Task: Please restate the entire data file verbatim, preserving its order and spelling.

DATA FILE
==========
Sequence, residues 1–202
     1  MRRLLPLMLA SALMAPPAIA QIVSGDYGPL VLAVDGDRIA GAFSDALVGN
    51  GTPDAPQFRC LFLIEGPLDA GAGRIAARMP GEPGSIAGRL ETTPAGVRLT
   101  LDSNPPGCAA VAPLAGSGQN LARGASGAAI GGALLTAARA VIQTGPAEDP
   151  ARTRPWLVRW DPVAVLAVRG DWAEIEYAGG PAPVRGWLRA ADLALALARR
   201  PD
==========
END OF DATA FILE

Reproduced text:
Sequence, residues 1–202
     1  MRRLLPLMLA SALMAPPAIA QIVSGDYGPL VLAVDGDRIA GAFSDALVGN
    51  GTPDAPQFRC LFLIEGPLDA GAGRIAARMP GEPGSIAGRL ETTPAGVRLT
   101  LDSNPPGCAA VAPLAGSGQN LARGASGAAI GGALLTAARA VIQTGPAEDP
   151  ARTRPWLVRW DPVAVLAVRG DWAEIEYAGG PAPVRGWLRA ADLALALARR
   201  PD